As the name implies, the scene’s main character will have some kind of response to what just happened. There is a multitude of reactions that he could have, but only a specific one that would lead him to the next scene. Does he give up in despair or does he plow through and keep trying? Does he get angry and overdo everything, thus breaking more than he’s trying to fix or does he take a step back, reassess the situation and move forward. Those are the hard decision, you dear writer, are going to have to make. At any rate, this is just how the scene’s main character reacts to the disaster.
Dilemmas are interesting. You, the writer, have to make it to where there is no right answer to how this scene plays out. Only a less wrong one will do. That’s what a dilemma is. The scene’s main character and his companions now have their lives on a teeter and the decisions the main character makes could offset the balance. We cannot, as writers, let our characters get away with anything easily. They must fight for it tooth and nail. Whatever the disaster, the dilemma must be something that is good for not good for everyone, or even no one.
Now a decision needs to be made. Given the choices left by the dilemma, the scene’s main character perhaps along with his cohorts, must make some kind of decision to move the plot forward. It must be something the guides them to the finish, but at the very least they need to get to the next scene. This decision provides the framework for it.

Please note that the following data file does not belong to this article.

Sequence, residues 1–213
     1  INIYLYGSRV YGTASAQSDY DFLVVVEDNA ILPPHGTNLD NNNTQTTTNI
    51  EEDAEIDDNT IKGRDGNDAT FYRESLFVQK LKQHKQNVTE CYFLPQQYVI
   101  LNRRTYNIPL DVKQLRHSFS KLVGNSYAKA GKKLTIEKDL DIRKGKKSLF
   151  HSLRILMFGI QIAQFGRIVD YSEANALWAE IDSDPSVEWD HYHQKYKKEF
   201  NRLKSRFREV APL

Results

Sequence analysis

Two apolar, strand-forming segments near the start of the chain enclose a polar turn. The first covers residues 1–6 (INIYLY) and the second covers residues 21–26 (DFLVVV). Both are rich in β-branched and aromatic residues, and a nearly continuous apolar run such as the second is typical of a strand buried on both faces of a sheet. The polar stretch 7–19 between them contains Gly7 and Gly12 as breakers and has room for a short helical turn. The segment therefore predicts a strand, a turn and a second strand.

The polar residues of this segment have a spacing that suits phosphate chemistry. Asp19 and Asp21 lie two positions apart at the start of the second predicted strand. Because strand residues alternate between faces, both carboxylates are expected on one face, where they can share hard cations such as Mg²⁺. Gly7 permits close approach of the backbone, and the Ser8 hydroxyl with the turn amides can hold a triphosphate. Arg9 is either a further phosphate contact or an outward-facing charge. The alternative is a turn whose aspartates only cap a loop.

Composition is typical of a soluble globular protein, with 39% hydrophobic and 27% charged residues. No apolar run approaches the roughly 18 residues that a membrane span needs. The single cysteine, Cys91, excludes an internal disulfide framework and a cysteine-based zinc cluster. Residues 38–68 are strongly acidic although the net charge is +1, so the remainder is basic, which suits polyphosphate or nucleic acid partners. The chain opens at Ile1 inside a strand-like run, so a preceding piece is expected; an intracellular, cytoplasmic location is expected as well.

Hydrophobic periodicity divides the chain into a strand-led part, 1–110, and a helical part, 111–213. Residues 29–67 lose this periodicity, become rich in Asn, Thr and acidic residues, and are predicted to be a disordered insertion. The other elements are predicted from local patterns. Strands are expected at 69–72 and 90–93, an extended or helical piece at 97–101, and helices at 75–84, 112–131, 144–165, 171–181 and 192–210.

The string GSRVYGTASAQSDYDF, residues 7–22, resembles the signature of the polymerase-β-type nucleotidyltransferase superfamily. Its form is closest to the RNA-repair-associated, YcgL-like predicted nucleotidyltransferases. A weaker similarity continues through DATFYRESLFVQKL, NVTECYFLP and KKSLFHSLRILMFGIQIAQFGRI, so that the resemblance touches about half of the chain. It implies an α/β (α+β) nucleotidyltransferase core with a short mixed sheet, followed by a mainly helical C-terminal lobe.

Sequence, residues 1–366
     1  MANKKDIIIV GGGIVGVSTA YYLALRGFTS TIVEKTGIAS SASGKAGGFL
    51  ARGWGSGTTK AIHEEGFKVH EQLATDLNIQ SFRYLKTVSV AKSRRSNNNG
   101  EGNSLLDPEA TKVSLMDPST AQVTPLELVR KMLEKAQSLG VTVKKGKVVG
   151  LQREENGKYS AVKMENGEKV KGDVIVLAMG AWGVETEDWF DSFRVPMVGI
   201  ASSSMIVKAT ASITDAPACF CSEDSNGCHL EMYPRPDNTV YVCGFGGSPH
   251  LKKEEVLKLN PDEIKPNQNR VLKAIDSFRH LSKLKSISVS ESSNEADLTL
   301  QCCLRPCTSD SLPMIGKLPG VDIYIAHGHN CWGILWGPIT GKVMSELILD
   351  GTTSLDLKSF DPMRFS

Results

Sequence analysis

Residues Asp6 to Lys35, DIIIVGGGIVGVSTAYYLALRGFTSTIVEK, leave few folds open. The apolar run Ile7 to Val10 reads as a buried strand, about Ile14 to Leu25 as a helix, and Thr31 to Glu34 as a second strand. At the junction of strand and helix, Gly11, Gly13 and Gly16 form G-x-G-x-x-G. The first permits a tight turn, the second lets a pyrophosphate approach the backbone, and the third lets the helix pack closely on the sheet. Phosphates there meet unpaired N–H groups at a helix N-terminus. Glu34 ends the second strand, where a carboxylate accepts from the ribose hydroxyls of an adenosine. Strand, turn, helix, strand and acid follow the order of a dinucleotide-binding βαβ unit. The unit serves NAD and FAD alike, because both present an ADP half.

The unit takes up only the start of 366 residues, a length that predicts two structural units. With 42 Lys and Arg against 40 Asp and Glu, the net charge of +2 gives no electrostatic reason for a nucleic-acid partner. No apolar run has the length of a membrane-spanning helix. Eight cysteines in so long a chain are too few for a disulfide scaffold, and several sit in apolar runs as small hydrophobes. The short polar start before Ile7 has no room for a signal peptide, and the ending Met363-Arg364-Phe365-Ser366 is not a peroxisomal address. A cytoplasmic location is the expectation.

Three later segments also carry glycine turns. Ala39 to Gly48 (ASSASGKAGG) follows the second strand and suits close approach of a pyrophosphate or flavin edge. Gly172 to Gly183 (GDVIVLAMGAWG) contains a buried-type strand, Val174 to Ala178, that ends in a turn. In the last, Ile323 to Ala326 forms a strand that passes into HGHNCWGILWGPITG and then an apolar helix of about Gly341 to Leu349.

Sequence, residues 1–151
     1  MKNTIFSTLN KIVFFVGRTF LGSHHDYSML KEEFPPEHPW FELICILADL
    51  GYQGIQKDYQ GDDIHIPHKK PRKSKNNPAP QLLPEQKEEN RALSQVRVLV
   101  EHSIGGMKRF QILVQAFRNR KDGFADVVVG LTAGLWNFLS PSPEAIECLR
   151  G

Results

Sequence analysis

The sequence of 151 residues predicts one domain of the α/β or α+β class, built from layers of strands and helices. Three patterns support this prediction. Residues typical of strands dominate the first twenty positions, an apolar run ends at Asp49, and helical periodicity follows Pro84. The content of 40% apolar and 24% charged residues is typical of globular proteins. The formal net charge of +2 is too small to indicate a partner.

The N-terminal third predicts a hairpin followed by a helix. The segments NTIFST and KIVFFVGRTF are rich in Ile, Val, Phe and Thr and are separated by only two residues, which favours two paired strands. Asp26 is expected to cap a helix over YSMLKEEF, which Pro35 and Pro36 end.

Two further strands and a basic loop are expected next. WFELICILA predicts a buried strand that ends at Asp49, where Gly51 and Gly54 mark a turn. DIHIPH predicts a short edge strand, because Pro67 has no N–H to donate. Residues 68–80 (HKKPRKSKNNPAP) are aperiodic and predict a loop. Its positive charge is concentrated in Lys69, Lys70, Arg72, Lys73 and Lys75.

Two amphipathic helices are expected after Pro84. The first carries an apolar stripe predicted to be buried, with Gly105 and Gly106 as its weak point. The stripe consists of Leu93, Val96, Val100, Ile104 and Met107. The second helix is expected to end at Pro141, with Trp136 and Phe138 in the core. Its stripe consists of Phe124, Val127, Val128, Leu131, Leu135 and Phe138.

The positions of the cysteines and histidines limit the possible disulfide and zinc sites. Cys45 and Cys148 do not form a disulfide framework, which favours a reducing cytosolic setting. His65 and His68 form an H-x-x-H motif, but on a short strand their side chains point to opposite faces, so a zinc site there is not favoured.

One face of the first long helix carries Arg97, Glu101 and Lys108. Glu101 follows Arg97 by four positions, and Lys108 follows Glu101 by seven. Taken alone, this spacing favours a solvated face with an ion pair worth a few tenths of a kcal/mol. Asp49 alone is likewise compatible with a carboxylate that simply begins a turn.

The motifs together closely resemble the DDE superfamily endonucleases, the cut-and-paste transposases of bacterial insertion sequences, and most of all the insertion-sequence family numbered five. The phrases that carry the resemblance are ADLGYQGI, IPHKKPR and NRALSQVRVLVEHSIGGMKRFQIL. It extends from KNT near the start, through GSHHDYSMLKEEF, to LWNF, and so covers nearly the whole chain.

So now that we have the scene parts down, you can now see how each part works in harmony to keep the reader engaged and the pages turning. Earlier I said that scenes do not necessarily have to be set in different places. In fact, some scenes are in the same place as other scenes. It just differs by the disasters and decisions of the others. For example, I have a scene where my protagonist, Kalan Laurelbane, has escaped the inn where he was staying because he was being hunted down by hobgoblins. He runs into the dark forest at night–one fraught with its own dangers–only to run into the legendary Nyar Winterhold, a dangerous man who leaves behind few witnesses. Once the decision is made to not move and see what the man will do, the scene changes because a decision was made. Kalan is still in the forest confronted by the dangerous man, but we have moved on to the next scene.
Notice how I included the dilemma. It was implied, but it is a dilemma, nonetheless. What could happen? He could run, but with dangerous men like Nyar, he might see it as a challenge and give chase. He could stay, but that might provoke him and Kalan could get pulverized. See there are no easy decisions to make here. The point is, Kalan must do something. Nyar is a hulk of a man, easily towering over seven feet tall. Kalan is only 6 feet tall and thin by comparison. Nyar is Veoldian, meaning he is of a warrior clan. He knows how to fight and could probably take Kalan apart without even taking an extra breath. So fighting is completely out. Kalan would lose. So his only two choices is to run or to stay.
Want more examples?
We all remember that famous scene from Zootopia where Nick takes Judy to the department of motor vehicles to check a license plate number after they interview Mr. Otterton’s Yoga instructor.